Kelloway had uncovered multiple facets of his upbringing and started seeing them through a new lens, never quite realizing how much they reinforced a masculine cultural structure. His eyes lit up as he recited the Boy Scout anthem from his youth for the table, and the rest of the students followed in breaking down exactly what it was saying. The fact that the conversation started picking up as time ran out showed him what a gradual process these students are now taking part in.

By having conversations like this, Puget Sound has the potential to accelerate social change, and it is proving to be a worthy environment to do so. The eagerness and responsiveness of those in the crowded room were positive indicators. Kelloway noted that being a member of a fraternity here actually prompted him to seek out more of these sorts of social events, saying it has been a window for him and others to assess their place. “I loved it,” said sophomore Connor McDaniel. “It created a space for necessary conversation. [Toxic masculinity] is very present, and the only way to reverse that is if these events happen.”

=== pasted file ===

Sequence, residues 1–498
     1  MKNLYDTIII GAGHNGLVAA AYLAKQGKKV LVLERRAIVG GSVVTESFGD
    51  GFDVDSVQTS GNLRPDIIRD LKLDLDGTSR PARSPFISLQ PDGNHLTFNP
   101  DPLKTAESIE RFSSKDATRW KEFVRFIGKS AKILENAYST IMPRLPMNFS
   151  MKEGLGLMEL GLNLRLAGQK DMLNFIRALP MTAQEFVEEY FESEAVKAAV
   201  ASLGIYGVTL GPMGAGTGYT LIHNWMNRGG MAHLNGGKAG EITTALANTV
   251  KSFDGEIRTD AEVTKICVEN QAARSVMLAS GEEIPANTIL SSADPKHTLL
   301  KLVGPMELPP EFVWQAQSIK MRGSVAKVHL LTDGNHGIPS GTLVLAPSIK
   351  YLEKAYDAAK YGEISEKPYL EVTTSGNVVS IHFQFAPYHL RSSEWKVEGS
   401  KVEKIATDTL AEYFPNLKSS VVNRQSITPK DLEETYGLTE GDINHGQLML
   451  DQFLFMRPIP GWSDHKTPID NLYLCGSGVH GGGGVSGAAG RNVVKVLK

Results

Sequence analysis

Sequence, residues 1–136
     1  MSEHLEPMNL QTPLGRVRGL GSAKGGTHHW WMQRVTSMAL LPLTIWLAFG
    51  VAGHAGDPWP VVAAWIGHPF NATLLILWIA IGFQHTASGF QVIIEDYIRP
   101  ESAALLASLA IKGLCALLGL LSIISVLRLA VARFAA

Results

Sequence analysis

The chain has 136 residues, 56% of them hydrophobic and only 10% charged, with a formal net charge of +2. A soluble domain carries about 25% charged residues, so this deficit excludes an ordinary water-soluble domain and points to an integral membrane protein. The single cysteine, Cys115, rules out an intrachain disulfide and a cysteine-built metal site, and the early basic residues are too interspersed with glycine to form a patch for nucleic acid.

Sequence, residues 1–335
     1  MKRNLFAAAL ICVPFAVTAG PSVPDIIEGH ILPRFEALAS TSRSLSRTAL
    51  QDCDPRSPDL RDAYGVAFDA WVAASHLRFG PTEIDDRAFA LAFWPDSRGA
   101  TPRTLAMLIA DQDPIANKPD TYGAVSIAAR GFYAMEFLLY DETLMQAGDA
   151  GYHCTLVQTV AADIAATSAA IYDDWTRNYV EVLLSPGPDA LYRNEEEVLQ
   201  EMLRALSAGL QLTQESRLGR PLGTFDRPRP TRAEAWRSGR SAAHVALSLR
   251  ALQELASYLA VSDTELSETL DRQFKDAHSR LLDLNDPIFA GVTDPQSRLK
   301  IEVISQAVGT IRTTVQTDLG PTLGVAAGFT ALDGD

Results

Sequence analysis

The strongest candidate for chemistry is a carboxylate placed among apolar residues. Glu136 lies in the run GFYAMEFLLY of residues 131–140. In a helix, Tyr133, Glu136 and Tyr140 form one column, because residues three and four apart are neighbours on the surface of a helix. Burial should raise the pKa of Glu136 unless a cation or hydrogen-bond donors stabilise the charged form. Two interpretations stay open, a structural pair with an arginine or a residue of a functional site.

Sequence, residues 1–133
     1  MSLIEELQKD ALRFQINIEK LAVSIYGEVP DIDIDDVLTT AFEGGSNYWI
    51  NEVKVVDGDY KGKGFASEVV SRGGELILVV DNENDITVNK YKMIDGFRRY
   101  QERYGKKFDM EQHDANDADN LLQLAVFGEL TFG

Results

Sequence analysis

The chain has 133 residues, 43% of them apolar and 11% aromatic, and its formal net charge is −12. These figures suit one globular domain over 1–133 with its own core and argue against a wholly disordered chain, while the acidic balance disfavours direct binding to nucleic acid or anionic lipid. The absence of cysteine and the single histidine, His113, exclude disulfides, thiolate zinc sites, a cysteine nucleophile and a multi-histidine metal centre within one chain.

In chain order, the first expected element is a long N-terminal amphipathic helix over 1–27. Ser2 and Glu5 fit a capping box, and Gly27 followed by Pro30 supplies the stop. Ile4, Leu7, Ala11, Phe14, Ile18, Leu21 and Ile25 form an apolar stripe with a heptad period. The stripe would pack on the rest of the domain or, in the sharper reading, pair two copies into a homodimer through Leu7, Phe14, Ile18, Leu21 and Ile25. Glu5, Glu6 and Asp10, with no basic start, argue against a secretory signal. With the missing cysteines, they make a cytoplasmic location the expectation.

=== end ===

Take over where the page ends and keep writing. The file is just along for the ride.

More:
McDaniel expressed a desire to touch upon every topic the event offered for discussion, and thought if this conversation reached other campuses, or even community centers and high schools, society as a whole could gather the tools necessary to start tackling these forces which create limitations, and sometimes very real dangers, in our lives.

Those who attended Bros and Breakfast appeared unified, and successfully immersed themselves in a safe space for vital conversation. College is a transformative time, and is therefore the best place to catch people for a transformational chat. Perhaps with the success of this event propelling the deconstruction of masculinity, the campus can change the way these structures shape society, and steer it away from inflicting harm.